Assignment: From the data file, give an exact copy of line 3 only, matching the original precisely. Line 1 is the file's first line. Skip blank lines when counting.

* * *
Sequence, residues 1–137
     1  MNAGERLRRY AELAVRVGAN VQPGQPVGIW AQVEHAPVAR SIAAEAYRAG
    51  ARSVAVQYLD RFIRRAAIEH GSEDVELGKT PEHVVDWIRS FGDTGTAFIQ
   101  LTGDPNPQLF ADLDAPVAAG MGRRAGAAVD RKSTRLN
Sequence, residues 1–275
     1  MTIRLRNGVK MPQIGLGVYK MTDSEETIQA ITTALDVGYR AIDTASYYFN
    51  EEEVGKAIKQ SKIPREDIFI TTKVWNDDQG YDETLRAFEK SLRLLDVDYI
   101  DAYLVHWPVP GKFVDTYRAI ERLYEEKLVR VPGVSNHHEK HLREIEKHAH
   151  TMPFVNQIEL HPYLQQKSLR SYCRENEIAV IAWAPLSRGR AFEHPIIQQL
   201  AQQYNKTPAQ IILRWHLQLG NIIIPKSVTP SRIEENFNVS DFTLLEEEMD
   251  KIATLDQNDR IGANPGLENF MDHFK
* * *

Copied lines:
    51  ARSVAVQYLD RFIRRAAIEH GSEDVELGKT PEHVVDWIRS FGDTGTAFIQ